In the late 90s and early 2000s, Josh Hartnett was everywhere. ‘The Faculty’, ‘The Virgin Suicides’ or ‘Pearl Harbor’ made him one of the most promising actors of his generation. And suddenly he disappeared. What happened to make such a promising career vanish overnight? Hartnett himself opens up in an interview for The Guardian.
“I was a boy. I was 19 years old. In ‘The Virgin Suicides’ we were like a group of friends doing a project. I think I keep looking for a similar experience every time I shoot a movie,” he explains, looking back at the beginning of his career. ‘Pearl Harbor’ was the beginning of the end for him, too big a project that put too much pressure on him: “I didn’t necessarily want things to change that much. I was happy with the amount of fame he had and the kind of roles he was getting. At the same time, I was wondering, ‘Am I just afraid that if I do’ Pearl Harbor ‘I’m going to enter a new category of cinema that I may not be prepared for?’ ‘I finally decided to do it because rejecting it would have been based on fear. Then that project defined me, which means I was right to be afraid of it. ” From the shoot, he remembers that Ben Affleck was asked to have his teeth fixed (“Well, they’re wonderful teeth”) and that Hartnett and Kate Beckinsale had to train. She didn’t understand it because it’s not something that a nurse from the 40s would have done, he saw it as an advantage: “You know, it didn’t hurt. He was a really scrawny kid.”
In the aftermath of the Michael Bay movie his fame exploded and he started to feel really overwhelmed. He appeared on a Vanity Fair cover that still haunts him: “Was there any statement from me or was it just everyone saying how good I was?” In that article they came to compare him with Tom Cruise or Julia Roberts: “That’s crazy,” he exclaims. They then offered him the role of Superman, and he proposed a version of the superhero in which Clark Kent would be afraid of his own power. “They didn’t want a fear-based character at the center of their film,” so he turned down the project, and began planning his strategic retirement (he says that, despite the rumors, he never did any auditions for Christopher’s Batman Nolan). He comments: “They looked at me as someone who had bitten the hand that fed me. It wasn’t that. It wasn’t to be recalcitrant or rebellious. People wanted to create a brand around me that was going to be accessible and easy to like, but I didn’t respond to the idea of playing the same character over and over, so I diversified. I tried to make smaller films, and in the process, I burned my bridges with the studios because I wasn’t participating. Wrath of Man full movie Our goals weren’t the same. ” He has no regrets: “I’m happy to be done with that era and to be making films that are more personal to me. Directors come to play characters instead of versions of a hero that I played in a movie once.”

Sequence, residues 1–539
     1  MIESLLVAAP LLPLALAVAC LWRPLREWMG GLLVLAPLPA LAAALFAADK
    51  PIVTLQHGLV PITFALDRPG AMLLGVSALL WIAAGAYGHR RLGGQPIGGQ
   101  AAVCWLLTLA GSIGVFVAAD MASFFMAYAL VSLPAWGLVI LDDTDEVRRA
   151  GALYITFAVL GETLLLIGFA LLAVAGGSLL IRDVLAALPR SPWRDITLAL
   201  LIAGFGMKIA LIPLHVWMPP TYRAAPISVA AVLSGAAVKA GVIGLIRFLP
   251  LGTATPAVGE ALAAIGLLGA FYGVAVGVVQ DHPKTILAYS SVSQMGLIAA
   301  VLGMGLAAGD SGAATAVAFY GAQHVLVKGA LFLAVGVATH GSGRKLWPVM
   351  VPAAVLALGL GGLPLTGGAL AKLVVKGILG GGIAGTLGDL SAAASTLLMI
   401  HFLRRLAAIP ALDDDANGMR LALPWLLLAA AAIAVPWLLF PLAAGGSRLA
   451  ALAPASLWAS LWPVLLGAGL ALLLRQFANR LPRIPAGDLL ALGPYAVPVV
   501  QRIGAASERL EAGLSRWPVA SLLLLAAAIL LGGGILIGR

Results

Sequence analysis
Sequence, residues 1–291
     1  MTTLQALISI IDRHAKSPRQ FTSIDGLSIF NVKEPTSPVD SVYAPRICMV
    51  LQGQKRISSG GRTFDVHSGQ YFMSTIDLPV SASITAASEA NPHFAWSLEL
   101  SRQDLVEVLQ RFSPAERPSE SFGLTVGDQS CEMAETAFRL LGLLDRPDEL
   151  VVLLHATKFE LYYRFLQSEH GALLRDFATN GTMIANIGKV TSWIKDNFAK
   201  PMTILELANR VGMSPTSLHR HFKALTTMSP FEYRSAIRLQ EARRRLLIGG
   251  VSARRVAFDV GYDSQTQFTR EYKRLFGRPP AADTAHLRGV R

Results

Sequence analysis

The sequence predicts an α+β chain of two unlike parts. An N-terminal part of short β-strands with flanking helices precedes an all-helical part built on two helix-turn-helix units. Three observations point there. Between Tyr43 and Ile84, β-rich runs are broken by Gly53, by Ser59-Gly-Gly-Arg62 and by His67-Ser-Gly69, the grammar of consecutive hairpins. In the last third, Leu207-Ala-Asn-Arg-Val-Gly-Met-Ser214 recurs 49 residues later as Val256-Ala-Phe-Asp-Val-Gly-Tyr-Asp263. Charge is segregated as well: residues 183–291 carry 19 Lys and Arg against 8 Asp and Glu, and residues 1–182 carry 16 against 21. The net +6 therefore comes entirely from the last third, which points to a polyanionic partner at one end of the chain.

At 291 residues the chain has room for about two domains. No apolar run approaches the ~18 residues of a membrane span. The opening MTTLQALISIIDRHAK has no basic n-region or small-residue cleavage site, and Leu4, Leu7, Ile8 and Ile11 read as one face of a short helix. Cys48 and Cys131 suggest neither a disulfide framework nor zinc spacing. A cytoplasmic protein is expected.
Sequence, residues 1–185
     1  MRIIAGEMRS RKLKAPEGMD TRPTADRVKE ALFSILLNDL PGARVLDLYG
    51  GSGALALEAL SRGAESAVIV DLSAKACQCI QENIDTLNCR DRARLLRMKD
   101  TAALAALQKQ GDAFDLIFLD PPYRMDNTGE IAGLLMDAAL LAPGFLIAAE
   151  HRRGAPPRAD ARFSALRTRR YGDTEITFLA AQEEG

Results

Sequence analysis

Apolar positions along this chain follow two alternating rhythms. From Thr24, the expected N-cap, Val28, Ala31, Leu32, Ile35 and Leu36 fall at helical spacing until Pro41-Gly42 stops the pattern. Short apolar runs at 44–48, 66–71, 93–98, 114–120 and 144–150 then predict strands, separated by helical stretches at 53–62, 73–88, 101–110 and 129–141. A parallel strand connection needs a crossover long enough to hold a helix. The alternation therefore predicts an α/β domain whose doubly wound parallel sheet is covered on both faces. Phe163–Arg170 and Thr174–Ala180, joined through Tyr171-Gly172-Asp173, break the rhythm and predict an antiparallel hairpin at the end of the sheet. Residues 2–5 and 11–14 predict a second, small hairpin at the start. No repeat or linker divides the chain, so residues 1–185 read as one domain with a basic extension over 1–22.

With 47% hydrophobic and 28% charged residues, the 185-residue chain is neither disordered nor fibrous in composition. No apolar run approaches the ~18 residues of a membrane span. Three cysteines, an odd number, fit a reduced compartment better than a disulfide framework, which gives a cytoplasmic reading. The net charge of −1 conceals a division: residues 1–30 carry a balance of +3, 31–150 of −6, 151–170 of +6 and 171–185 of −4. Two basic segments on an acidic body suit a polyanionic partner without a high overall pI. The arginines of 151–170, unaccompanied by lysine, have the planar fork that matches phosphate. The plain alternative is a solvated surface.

His “comeback” began to take shape when he starred in the series ‘Penny Dreadful’, and since then he has not stopped working. He has four films pending release: ‘Most Wanted’, ‘The Long Home’, the new James Franco as director, ‘Wrath of Man’ by Guy Ritchie, and ‘Ida Red’ with Frank Grillo and Deborah Ann Woll.